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Consequentialism, Indirect Effects and Fair Trade

Published online by Cambridge University Press:  17 February 2012

University of St


In this article I consider two consequentialist positions on whether individuals in affluent countries ought to purchase Fair Trade goods. One is a narrow argument, which asserts that individuals should purchase Fair Trade goods because this will have positive direct effects on poverty reduction, by, for example, channelling money into development. I argue that this justification is insufficient to show that individuals should purchase Fair Trade goods because individuals could achieve similar results by donating money to charity and, therefore, without purchasing Fair Trade goods. The second position has a wider focus. It notes both the direct effects of purchasing Fair Trade goods and possible indirect effects, such as the impact this might have on other individuals. I argue that certain actions, of which Fair Trade is one example, will be more likely to encourage individuals who would not otherwise contribute to poverty reduction to contribute and that this may produce additional positive value. Although space prohibits specific conclusions about Fair Trade, I note that considerations of this kind could give us reason to purchase such goods beyond those that issue from the direct effects of doing so and that, as such, they are crucial for determining whether individuals should purchase Fair Trade goods.

Research Article
Copyright © Cambridge University Press 2012

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1 This is not to say that views other than consequentialism do not value good outcomes; only that this focus is most typically associated with consequentialism.

2 FLO, ‘What is Fairtrade?’, <> (2010).

3 See, for example, FLO, ‘What is Fairtrade?’.

4 N. Hassoun, ‘Making Free Trade Fair’, Carnegie Mellon Department of Philosophy Working Paper Series, Paper 356, <> (2011), pp. 15–19; Philips, J., ‘Is There a Moral Case for Fair Trade Products? On the Moral Duty for Consumers to buy and for Governments to Support Fair Trade Products’, The Impact of Fair Trade, ed. Ruben, R. (Wageningen, 2008), pp. 240–3Google Scholar.

5 Philips, ‘Is There a Moral Case for Fair Trade Products?’, p. 249.

6 See, for example, B. Lindsay, ‘Grounds for Complaint? Understanding the Coffee Crisis’, Paper for the Centre for Trade Policy Studies, 16 <> (2003).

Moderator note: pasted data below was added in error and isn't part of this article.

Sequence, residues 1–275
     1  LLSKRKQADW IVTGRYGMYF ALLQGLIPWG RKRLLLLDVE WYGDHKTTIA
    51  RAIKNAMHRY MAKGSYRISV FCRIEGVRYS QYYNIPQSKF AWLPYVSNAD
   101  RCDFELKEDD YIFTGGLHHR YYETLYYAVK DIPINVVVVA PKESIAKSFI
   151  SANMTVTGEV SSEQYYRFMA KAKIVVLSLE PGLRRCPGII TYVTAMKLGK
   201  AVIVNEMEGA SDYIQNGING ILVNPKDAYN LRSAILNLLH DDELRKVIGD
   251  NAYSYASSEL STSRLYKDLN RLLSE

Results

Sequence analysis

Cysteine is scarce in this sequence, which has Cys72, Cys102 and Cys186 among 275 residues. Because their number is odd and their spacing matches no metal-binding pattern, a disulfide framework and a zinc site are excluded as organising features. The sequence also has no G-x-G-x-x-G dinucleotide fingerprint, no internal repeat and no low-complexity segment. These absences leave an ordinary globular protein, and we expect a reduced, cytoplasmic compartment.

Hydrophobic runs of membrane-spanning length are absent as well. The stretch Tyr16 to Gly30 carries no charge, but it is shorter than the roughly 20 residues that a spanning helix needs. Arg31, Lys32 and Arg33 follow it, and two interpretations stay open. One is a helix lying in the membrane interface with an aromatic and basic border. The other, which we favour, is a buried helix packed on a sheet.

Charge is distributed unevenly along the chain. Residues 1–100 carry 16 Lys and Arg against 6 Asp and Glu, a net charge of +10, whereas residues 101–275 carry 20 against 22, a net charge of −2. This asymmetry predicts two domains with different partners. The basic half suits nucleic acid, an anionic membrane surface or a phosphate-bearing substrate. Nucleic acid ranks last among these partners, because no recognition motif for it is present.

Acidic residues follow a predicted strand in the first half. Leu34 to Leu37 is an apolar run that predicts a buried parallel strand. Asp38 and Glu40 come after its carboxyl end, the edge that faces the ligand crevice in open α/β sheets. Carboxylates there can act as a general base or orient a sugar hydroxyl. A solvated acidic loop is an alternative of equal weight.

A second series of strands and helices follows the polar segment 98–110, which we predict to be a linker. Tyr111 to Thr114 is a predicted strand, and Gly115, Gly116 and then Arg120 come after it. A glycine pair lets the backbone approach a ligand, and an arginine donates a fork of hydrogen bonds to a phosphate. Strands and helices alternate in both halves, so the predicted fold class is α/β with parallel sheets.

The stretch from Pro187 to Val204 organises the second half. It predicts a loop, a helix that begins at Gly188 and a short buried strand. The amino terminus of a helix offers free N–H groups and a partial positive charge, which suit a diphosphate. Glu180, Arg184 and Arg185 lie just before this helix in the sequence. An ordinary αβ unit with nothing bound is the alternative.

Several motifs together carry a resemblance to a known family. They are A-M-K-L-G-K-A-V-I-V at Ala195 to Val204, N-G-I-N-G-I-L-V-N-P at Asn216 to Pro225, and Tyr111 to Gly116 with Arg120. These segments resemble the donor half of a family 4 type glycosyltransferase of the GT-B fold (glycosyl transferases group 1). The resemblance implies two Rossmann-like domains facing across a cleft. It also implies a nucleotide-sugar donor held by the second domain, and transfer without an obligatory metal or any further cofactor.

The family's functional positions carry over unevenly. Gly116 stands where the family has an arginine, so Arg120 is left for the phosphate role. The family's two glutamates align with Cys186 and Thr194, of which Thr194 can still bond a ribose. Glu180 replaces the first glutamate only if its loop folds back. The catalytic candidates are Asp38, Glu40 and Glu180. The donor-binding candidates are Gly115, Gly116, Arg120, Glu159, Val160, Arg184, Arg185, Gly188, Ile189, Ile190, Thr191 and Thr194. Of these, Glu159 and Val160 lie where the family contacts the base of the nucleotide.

7 See, for example, LeClair, M. S., ‘Fighting the Tide: Alternative Trade Organisations in the Era of Global Free Trade’, World Development 30.6 (2002), pp. 949–58CrossRefGoogle Scholar; Kurjanska, M. and Risse, M., ‘Fairness in Trade II: Export Subsidies and the Fair Trade Movement’, PPE 7.1 (2008), pp. 45–6Google Scholar.

8 This research is nicely summarized in Hassoun, ‘Making Free Trade Fair’, pp. 15–19. See also the collection of articles in The Impact of Fair Trade, ed. R. Ruben (Wageningen, 2008).

9 See Littrell, M. A. and Dickson, M. A., Social Responsibility in the Global Market: Fair Trade of Cultural Products (London, 1999), pp. 61112Google Scholar; Mohan, S., Fair Trade without the Froth: A Dispassionate Economic Analysis of ‘Fair Trade’ (London, 2010), pp. 3446Google Scholar.

10 I should note that I have explored the comparative challenge in detail elsewhere (A. Walton, ‘The Common Arguments for Fair Trade’, Political Studies, forthcoming). An argument with a similar thrust can also be found in Kurjanska and Risse, ‘Fairness in Trade II’, pp. 43–9. As such, what follows is a stylized version of the argument, shortened to allow space for the other arguments of this article. I refer readers who desire more detail to the above texts.

11 Kurjanska and Risse, ‘Fairness in Trade II’, pp. 46–7.

12 Hassoun, ‘Making Free Trade Fair’, p. 6.

13 Kurjanska and Risse, ‘Fairness in Trade II’, p. 48.

14 Kurjanska and Risse, ‘Fairness in Trade II’, p. 45.

15 Kurjanska and Risse, ‘Fairness in Trade II’, p. 49.

16 This research is summarized in Singer, P., The Life You Can Save: How to Do Your Part to End World Poverty (New York, 2010), pp. 64–5Google Scholar.

17 See Singer, The Life You Can Save, pp. 64–5.

18 See Fairtrade Foundation, ‘Global Fairtrade sales increase by 22%’, <> (2009) and D. Milmo, ‘Fairtrade's Annual Sales Defy Recession to Pass £1bn’, The Guardian, <> (2011).

19 See, for example, IGD, ‘Interest in Fair Trade Doubles’, <> (2008).

20 Ipsos MORI, ‘A Survey of Public Attitudes to the Charity Commission’, <> (1999).

21 One objection that might be raised here is that larger, more bureaucratic charities can be more cost-effective owing to economies of scale, thus offsetting the disvalue of not garnering widespread popularity. For what it is worth, my understanding is that in practice these charities are not usually more efficient. On this see Giving What We Can, ‘Recommended Charities’, <> (2011) and Giving What We Can, ‘Charity Comparisons’, <> (2011). However, as I will highlight in the next section, even if this objection is accurate, it does not undermine my broader arguments.

22 Brown, M. B., Fair Trade: Reform and Realities in the International Trading System (London, 1993), p. 180Google Scholar; Bird, K. and Hughes, D., ‘Ethical Consumerism: The Case of “Fairly-Traded” Coffee’, Business Ethics: A European Review 6.3 (1997), pp. 159–67CrossRefGoogle Scholar, at 161.

23 On this see Elster, J., The Cement of Society: A Study of Social Order (Cambridge, 1989)CrossRefGoogle Scholar.

24 I owe thanks to an audience at the University of Warwick's Centre for Ethics, Law, and Public Affairs for comments on an earlier draft of this article and special thanks to Matthew Clayton, Chloé Lewis and Dorothea Baur for extensive discussion of it.